Callie was a good girl, the kind who had never done anything even remotely wild in her entire life. Until she met Paul, who fucked her in every way imaginable before he left her bed in the middle of the night, turning her into a one-night stand. Her track record of being the good girl was shattered, and she was determined that Paul would not be the last man who fucked her.
My "Lucky Numbers and Marlboros," originally published on Ruthie's Club, has been selected for The Mammoth Book of Best New Erotica 6. Here's an excerpt from the story:
When she woke up, he was gone.
At first she didn’t know what to do. She felt displaced, as if the room she woke up in was not the same room she had fallen asleep in, as if the bed were not her own. She walked through the house and looked for him but she knew what she would find.
He had taken it all. Oh, not her things. Not those. He had taken his clothes and his cigarettes. He had left the newspaper open to the classifieds, his toothbrush in the sink and his soap in the shower. She thought he had taken the vodka too, but that afternoon she found it, sitting there on the high shelf in the pantry. How civilized of him.
“I will not fall apart,” she said to the bottle.
The bottle said not a word. She settled on the kitchen chair and her body ached. Paul had been rough with her. She had bruises on her shoulder and on her neck, and even on her leg. Her belly ached where he had been. She had never ached like that or been marked like that for anyone else.
He wasn’t her first but it felt like he was. She had done things. He had taught her things she didn’t know she was capable of doing. She never dreamed she would have been able to deep-throat a man that size but she did. She gagged on his cock and that excited him. He liked it when he drove all the way into her pussy and she cried out because he was so hard to take.
“Arrogant fuck with an arrogant prick,” she said out loud.
She spent an hour, maybe more, watching the bottle and memorizing the label. She remembered the way he tasted when he kissed her the last time, before she knew he was going to walk out, when she thought everything was fine. He had tasted like vodka and grapefruit juice and Marlboros.
Last times. There were so many last times now, when she had expected only first times. That was her fault, her own arrogance. She had planned on more than just one night. She didn’t want to look back on the last time she had a man in her bed and remember it with anything less than happiness. She didn’t want him to be the last time.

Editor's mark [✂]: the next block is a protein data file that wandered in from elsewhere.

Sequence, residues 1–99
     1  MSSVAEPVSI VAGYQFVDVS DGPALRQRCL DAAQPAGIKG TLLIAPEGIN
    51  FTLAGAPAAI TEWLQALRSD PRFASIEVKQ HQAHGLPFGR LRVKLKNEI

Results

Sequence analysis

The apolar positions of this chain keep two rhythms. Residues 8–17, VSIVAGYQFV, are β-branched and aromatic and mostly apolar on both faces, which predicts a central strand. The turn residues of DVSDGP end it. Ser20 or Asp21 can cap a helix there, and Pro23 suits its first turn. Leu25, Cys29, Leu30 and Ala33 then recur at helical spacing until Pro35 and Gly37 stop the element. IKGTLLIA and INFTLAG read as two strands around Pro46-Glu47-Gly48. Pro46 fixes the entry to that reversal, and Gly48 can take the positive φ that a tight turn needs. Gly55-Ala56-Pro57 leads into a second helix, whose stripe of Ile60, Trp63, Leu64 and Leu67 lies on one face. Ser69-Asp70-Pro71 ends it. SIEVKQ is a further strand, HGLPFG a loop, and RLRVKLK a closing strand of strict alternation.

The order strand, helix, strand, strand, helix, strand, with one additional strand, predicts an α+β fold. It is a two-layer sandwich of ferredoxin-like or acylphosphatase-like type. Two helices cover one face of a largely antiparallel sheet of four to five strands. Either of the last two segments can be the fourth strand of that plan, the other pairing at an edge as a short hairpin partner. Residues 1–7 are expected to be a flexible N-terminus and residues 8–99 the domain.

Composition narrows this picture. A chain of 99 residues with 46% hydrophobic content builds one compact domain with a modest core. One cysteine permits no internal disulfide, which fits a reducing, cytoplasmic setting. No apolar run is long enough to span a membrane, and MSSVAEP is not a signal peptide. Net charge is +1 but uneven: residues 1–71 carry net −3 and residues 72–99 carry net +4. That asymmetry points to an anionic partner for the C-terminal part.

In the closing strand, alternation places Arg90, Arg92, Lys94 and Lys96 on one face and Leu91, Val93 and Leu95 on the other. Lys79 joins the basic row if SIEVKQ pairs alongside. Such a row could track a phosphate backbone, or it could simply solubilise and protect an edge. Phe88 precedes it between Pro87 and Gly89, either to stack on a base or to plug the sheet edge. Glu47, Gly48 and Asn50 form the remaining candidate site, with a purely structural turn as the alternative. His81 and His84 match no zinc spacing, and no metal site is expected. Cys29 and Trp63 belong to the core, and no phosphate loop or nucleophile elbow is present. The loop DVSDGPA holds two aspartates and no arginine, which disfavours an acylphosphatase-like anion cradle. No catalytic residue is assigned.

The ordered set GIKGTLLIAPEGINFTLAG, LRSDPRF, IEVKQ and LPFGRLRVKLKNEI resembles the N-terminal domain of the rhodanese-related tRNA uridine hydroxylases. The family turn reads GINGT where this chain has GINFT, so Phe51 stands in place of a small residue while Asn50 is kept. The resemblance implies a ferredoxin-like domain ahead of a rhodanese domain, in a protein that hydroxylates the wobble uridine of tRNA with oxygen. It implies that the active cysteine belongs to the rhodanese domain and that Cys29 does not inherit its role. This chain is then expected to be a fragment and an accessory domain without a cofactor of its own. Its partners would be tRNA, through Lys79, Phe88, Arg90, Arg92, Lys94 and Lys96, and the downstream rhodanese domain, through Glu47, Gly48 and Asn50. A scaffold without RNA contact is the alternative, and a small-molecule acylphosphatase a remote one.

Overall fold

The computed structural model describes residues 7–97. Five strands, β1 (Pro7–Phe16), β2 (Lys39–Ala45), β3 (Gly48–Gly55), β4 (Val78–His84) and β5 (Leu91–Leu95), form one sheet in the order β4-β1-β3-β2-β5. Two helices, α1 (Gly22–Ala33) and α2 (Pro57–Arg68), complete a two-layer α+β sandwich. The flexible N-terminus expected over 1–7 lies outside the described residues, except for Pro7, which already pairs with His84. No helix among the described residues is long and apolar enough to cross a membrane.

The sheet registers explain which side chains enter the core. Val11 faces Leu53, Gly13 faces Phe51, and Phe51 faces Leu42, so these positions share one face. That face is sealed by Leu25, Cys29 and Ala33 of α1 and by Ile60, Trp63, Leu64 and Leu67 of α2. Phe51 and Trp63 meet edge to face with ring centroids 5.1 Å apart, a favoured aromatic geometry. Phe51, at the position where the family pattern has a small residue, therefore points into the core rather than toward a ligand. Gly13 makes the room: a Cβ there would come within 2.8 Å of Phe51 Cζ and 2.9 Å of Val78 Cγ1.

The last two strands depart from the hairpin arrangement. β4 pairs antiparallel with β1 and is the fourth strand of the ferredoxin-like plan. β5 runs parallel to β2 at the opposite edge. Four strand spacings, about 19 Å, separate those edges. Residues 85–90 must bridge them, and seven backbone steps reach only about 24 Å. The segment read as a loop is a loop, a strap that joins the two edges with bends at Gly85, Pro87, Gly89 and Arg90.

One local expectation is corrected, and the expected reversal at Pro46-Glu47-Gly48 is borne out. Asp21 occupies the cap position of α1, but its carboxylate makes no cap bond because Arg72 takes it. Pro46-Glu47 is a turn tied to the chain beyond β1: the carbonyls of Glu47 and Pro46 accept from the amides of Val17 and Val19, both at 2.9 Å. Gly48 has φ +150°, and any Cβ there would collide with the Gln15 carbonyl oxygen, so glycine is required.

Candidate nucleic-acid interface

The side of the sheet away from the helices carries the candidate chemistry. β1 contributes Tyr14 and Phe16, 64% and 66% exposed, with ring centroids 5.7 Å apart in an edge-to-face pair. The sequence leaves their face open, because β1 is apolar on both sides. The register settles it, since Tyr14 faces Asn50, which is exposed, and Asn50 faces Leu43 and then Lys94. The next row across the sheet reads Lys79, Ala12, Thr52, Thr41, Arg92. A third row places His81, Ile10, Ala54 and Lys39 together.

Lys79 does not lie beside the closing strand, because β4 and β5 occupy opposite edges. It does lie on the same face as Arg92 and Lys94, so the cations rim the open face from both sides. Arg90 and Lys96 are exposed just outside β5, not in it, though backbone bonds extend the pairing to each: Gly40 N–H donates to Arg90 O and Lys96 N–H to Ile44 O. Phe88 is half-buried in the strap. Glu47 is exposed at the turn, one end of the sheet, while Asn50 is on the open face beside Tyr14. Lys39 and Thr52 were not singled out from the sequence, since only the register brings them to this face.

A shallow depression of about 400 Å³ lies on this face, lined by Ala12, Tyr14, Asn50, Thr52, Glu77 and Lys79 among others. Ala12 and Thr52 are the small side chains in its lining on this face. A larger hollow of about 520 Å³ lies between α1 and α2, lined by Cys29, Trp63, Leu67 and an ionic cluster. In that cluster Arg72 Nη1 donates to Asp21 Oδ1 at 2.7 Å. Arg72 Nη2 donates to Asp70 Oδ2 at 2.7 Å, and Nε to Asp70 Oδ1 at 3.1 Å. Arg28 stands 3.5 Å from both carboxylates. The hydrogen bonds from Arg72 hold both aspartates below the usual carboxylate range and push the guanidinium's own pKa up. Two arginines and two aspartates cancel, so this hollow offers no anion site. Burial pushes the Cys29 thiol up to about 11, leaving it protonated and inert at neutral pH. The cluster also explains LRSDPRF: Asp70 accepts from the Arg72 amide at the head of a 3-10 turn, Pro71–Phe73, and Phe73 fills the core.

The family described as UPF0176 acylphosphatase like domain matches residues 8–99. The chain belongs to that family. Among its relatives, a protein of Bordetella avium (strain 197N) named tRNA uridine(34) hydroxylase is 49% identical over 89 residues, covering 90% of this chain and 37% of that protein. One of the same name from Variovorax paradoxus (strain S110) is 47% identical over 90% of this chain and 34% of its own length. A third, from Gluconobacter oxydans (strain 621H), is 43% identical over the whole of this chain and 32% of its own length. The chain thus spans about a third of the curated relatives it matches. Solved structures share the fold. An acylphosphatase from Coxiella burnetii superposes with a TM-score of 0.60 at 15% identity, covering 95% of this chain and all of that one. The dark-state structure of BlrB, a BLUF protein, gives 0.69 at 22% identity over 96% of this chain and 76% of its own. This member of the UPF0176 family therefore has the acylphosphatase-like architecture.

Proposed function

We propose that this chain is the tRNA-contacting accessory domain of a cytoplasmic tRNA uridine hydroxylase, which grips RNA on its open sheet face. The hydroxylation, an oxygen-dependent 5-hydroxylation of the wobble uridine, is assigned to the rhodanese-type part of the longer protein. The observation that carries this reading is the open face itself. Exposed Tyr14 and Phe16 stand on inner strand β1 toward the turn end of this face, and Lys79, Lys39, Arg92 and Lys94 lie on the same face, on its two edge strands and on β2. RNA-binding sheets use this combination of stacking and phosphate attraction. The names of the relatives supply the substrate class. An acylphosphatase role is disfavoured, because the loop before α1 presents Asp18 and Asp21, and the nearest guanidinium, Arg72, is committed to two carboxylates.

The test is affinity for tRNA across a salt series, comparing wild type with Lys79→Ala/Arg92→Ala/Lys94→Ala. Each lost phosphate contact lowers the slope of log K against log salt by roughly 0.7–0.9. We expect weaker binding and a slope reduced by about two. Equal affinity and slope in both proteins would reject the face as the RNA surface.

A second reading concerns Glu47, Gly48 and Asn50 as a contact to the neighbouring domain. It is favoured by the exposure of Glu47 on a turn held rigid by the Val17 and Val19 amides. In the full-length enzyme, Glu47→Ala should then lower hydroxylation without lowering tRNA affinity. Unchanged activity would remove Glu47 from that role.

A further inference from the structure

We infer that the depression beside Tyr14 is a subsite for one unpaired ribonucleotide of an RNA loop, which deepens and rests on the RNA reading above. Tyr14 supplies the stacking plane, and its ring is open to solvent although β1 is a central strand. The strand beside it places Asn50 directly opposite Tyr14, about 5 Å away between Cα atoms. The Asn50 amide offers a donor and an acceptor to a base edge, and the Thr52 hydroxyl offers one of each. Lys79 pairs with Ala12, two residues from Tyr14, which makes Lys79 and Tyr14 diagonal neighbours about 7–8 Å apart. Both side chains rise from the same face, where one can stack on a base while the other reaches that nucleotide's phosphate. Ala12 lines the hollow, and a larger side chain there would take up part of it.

She rose from the chair and pulled the bottle of vodka from the high shelf. She
unscrewed the cap and took a swig. It made her grimace, made her stomach heave. But that much was done. He hadn’t been the last to drink from the bottle. She opened the fridge and pulled out the grapefruit juice. The taste made her nose tickle.
She walked to the living room and found the remote control for the television. Flipped it on. He had been watching the Spanish channel. She turned the channel to something more American: Country Music Television. She saw the cigarette butts in the glass ashtray and wished he hadn’t taken the Marlboros. She didn’t smoke, but she could learn fast.
She yanked the towel off the shower rod. It was still damp. She climbed into the shower and turned it on, let the water wash her clean. She would not cry.
She grabbed the soap he had used and threw it in the garbage can. The toothbrush, too. The pretty gown he hadn’t bothered to notice went into the washing machine. She yanked the sheets off the bed so hard that one corner ripped. She stalked to the washer and threw those in, too.
When it was halfway through the cycle she realized she had forgotten to add the detergent. She started the washer again and this time added a generous cup of Tide.
She skimmed the classifieds. He had been looking for houses. What a fucking joke. She ripped up the paper, tore it into shreds. She dumped it all in the trashcan and a few pieces bounced up to peek over the edge. She found the mug he drank from, sitting there beside the sink. She turned on the tap, filled it up, and drank from it herself.
Paul wasn’t the last.
She picked up the phone. Pressed redial and studied the number. He had called the rental car place. She stared at the number for a long time. When had he decided to
leave, exactly? Why had he flown halfway across the country to get to her? Why
in the world would a man do that if he had intended to leave after one night?
She sat down on the couch and her body protested. Everything hurt. It wasn’t just the muscles in her thighs or the bite on her shoulder or the back of her throat. It was everything, from head to toe. It was the pain of the shock, settling in.
She called her friend Tom.
She wasn’t sure, even then, what she was going to do. She just knew she had to do something. She couldn’t sit there and breathe the same air with the traces of his cigarette on it. She couldn’t let herself remember all those things he said and did and wanted. She couldn’t be comfortable in her own skin as long as the memory of his hands was upon her.
Tom answered and she quickly got to the point. “I need you to come over.”
“What’s wrong?” he asked.
“Everything,” she said.
Tom came over. His face was etched with worry. He sat down beside her on the couch and the story came out a little at a time. Now the shock was wearing off, and along with that disappearance came anger—a vile, simmering anger that made her head feel as though it was too small for her body. Her heart pounded in her chest and even that hurt. It made the bite marks throb a little each time her blood pumped underneath the tender skin.
“I don’t want him to be the last man who touched me,” she said to Tom.